Feeds

IBM cuts internet comp for work-at-homers

Big Blue 'denies' internal memo

Boost IT visibility and business value

IBM's newest cost-cutting scheme is eliminating its program that lets employees working from home claim internet access as a business expense, according to InformationWeek.

An internal memo reportedly sent to IBM employees and obtained by the publication states employees worldwide can no longer obtain reimbursement for internet service beginning May 1.

When asked for comment, IBM spokesman Fred McNeese told El Reg the company has made no announcement to employees, along with the standard "we don't comment on rumors or speculation" line.

According to InformationWeek's memo, the program was originally set up in the 1990s, when home internet access wasn't considered a basic utility.

"Today Internet access has become pervasive around the world and in-home Internet contracts have become commonplace along with cable and other telephony services," IBM allegedly wrote in the employee memo.

McNeese told us that about 40 per cent of IBM's employees worldwide work from non-IBM locations, including client locations, homes, and alternative work sites. The company wouldn't break the figure down further. According to IBM's annual report, it had 398,000 workers worldwide at the end of 2008.

IBM confirmed it cut about 5,000 jobs in the US last week — mostly from its services division — in its continued efforts to shave expenses. IBM exec speak for the layoffs is "resource actions" internally. Although the division has been a steady source of profits for Big Blue, the company appears to be shifting the work to lower cost countries like India.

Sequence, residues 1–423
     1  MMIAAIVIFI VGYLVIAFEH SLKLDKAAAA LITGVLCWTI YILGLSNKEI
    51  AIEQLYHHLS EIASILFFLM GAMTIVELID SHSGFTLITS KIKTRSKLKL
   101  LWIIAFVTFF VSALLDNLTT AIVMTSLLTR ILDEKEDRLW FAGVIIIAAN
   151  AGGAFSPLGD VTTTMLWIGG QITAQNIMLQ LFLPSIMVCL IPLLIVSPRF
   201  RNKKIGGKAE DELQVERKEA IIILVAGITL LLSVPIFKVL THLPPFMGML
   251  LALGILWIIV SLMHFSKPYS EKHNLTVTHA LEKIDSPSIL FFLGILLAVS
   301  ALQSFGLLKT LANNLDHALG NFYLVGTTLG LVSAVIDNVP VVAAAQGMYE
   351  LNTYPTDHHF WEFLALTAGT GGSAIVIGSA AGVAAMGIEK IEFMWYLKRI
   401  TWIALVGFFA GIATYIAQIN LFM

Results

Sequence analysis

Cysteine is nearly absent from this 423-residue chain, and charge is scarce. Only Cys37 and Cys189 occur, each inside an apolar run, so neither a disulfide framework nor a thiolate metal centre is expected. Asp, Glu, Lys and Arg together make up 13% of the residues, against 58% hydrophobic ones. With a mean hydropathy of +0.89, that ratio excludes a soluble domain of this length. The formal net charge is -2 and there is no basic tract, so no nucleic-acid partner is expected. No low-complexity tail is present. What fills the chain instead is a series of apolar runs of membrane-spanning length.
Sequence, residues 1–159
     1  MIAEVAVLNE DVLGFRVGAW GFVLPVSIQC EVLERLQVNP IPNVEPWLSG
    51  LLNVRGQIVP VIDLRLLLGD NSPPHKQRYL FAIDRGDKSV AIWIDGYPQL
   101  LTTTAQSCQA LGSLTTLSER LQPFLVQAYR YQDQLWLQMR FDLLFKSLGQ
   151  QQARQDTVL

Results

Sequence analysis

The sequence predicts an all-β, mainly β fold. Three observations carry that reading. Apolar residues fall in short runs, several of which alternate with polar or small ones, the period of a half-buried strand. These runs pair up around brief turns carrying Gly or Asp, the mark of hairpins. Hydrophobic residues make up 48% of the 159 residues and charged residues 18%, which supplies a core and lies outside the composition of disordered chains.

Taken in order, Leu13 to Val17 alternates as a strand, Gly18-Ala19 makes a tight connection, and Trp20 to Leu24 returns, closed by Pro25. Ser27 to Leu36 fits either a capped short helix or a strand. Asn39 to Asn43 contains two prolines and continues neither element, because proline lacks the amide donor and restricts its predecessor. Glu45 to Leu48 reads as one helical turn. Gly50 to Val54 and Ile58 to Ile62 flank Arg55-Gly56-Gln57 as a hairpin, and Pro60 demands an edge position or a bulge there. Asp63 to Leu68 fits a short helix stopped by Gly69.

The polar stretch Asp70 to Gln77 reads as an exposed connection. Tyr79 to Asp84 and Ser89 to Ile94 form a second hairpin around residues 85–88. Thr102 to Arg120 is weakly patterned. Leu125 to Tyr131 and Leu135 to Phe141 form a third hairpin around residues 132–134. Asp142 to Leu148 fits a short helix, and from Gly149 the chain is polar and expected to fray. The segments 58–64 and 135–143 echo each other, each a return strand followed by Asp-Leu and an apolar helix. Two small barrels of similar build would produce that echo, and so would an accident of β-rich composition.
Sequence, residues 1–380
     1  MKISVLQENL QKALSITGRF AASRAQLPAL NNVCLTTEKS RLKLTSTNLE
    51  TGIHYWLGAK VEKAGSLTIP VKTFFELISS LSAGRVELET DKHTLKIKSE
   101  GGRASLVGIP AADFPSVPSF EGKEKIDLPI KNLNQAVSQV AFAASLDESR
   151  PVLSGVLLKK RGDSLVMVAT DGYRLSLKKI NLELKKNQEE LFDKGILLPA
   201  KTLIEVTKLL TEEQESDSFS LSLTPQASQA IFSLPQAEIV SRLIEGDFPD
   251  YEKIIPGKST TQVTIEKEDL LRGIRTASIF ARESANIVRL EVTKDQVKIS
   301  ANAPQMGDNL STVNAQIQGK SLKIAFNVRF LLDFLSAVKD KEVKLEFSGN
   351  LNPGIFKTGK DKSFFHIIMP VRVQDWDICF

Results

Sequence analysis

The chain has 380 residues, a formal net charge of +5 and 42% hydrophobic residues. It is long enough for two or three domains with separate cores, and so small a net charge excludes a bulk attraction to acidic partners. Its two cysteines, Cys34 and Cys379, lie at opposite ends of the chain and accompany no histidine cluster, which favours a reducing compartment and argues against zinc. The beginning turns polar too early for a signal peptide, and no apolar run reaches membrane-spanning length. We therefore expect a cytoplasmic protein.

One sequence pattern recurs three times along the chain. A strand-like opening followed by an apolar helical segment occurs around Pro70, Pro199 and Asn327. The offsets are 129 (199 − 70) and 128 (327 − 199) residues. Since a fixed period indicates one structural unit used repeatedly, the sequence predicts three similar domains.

Earlier this month, IBM imposed a 10 per cent cut in contractor day rates.

IBM's cuts have become particular contentious amongst employees now that the company is in talks for a $8bn takeover bid for Sun Microsystems. ®

Build a business case: developing custom apps

More from The Register

next story
6 Obvious Reasons Why Facebook Will Ban This Article (Thank God)
Clampdown on clickbait ... and El Reg is OK with this
Mozilla's 'Tiles' ads debut in new Firefox nightlies
You can try turning them off and on again
No, thank you. I will not code for the Caliphate
Some assignments, even the Bongster decline must
Kaspersky backpedals on 'done nothing wrong, nothing to fear' blather
Founder (and internet passport fan) now says privacy is precious
Banking apps: Handy, can grab all your money... and RIDDLED with coding flaws
Yep, that one place you'd hoped you wouldn't find 'em
TROLL SLAYER Google grabs $1.3 MEEELLION in patent counter-suit
Chocolate Factory hits back at firm for suing customers
Primetime precrime? Minority Report TV series 'being developed'
I have to know. I have to find out what happened to my life
Ex-IBM CEO John Akers dies at 79
An era disrupted by the advent of the PC
prev story

Whitepapers

Gartner critical capabilities for enterprise endpoint backup
Learn why inSync received the highest overall rating from Druva and is the top choice for the mobile workforce.
Implementing global e-invoicing with guaranteed legal certainty
Explaining the role local tax compliance plays in successful supply chain management and e-business and how leading global brands are addressing this.
Rethinking backup and recovery in the modern data center
Combining intelligence, operational analytics, and automation to enable efficient, data-driven IT organizations using the HP ABR approach.
Consolidation: The Foundation for IT Business Transformation
In this whitepaper learn how effective consolidation of IT and business resources can enable multiple, meaningful business benefits.
Next gen security for virtualised datacentres
Legacy security solutions are inefficient due to the architectural differences between physical and virtual environments.